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July 9, 1887

ORIGINAL ARTICLES.

JAMA. 1887;IX(2):39-46. doi:10.1001/jama.1887.02400010023002

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Abstract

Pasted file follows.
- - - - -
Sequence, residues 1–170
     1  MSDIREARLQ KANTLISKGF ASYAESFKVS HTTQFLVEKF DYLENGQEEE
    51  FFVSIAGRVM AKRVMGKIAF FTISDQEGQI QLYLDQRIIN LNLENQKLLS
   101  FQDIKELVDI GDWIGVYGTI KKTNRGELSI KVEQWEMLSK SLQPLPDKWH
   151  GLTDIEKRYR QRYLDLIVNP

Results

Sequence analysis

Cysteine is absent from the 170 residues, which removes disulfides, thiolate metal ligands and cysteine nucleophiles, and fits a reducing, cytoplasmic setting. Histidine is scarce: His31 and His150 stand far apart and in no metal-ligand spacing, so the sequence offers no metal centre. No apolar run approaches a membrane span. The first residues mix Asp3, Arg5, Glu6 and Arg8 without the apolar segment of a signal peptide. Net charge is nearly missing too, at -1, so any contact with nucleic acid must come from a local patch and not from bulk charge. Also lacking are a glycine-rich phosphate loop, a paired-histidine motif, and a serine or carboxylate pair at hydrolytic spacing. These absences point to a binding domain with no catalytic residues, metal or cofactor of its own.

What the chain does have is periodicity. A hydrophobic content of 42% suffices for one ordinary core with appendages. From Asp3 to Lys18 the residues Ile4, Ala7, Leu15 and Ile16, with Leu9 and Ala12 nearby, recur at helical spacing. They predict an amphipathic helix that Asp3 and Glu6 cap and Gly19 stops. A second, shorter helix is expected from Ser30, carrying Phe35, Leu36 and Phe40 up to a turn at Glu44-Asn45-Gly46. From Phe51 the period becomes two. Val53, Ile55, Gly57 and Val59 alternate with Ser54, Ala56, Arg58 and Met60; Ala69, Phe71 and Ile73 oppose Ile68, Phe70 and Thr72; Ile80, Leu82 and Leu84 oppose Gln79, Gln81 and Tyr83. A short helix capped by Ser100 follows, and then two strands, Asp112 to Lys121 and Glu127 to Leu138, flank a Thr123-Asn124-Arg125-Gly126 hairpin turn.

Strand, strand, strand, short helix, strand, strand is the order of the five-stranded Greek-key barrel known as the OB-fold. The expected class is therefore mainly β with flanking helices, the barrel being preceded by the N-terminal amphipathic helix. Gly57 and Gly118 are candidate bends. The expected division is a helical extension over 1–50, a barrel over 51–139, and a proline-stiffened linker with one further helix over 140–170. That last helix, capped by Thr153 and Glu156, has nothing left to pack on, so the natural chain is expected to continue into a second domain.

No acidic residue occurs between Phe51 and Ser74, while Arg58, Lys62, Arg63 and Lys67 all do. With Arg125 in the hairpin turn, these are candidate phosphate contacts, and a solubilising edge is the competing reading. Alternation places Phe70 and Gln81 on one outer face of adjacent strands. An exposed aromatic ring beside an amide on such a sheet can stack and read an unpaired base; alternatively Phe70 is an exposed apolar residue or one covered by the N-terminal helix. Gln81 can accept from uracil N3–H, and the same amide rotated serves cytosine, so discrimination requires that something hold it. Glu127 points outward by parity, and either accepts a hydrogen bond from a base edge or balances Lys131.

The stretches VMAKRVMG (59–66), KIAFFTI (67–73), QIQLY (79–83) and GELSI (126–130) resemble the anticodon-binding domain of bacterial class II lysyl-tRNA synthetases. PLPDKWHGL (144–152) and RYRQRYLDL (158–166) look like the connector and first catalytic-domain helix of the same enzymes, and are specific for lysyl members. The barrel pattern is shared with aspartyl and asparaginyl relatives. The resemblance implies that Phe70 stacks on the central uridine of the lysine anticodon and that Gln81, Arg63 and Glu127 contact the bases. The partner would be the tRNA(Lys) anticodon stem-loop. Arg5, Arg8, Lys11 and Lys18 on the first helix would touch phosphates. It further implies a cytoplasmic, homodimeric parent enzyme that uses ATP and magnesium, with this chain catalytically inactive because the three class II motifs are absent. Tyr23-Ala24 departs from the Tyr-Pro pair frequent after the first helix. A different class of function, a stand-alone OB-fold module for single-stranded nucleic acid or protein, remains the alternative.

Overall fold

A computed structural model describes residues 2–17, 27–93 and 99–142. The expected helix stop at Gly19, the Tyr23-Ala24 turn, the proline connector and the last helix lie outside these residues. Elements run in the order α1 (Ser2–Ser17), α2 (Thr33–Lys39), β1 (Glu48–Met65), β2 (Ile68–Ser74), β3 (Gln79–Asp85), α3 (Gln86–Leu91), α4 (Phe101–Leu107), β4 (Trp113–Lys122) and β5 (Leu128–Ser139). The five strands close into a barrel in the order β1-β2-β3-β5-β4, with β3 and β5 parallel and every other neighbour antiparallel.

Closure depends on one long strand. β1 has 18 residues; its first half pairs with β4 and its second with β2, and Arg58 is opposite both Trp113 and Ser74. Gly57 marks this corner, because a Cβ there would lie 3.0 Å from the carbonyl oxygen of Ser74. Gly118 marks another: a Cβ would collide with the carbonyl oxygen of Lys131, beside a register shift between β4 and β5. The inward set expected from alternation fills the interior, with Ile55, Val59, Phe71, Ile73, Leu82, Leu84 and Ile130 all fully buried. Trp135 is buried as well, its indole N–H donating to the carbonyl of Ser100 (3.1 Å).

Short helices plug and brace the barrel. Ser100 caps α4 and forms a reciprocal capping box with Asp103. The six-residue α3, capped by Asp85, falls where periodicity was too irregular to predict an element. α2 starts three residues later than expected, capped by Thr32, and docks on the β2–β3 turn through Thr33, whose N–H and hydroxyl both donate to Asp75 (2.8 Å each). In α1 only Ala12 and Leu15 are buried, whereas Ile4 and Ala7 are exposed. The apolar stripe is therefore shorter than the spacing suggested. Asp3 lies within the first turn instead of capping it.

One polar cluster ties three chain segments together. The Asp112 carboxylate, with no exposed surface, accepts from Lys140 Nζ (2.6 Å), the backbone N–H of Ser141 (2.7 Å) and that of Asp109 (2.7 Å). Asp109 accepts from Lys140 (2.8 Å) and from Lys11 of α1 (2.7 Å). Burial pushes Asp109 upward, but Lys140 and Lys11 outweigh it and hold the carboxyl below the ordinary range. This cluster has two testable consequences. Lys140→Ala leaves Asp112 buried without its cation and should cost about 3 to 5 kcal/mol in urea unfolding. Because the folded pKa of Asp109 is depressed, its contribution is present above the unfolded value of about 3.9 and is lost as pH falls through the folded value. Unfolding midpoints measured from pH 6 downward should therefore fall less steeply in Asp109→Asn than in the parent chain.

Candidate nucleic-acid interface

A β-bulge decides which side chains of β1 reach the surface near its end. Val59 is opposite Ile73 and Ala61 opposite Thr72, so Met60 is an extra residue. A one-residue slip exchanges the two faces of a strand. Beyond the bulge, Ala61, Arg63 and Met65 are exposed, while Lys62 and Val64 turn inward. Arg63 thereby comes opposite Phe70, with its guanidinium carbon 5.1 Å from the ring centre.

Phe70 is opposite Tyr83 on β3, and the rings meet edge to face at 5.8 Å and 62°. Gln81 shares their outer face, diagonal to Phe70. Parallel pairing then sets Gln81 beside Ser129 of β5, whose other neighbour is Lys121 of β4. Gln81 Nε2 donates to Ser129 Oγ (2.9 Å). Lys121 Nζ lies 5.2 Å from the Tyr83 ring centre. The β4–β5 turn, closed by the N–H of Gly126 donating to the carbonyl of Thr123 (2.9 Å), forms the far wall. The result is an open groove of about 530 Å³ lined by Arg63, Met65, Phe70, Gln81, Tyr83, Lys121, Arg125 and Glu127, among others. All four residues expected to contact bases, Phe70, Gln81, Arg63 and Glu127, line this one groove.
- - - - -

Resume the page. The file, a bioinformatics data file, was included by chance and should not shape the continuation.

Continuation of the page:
THE AFTER-TREATMENT OF CATARACT CASES, TO THE EXCLUSION OF COMPRESSES, BANDAGES, DARK ROOMS AND RESTRAINT.  Read in the Section on Ophthalmology, Otology and Laryngology, at the Thirty-Eighth Annual Meeting of the American Medical Association.BY JULIAN J. CHISOLM, M.D., SURGEON IN CHARGE OF THE PRESBYTERIAN EYE AND EAR CHARITY HOSPITAL, BALTIMORE, MD.At the last meeting of the American Medical Association, May, 1886, in St. Louis, I reported to the Section on Ophthalmology that Dr. Charles Michel, of St. Louis, was treating cataract cases in light rooms with adhesive straps, instead of by compresses and bandages in dark rooms, and that he found it a desirable method of treatment. Although the discussion which followed showed clearly that the members of the Section did not endorse the method, or think well of it, yet I was so impressed by it, that I told the Section that I would at once test

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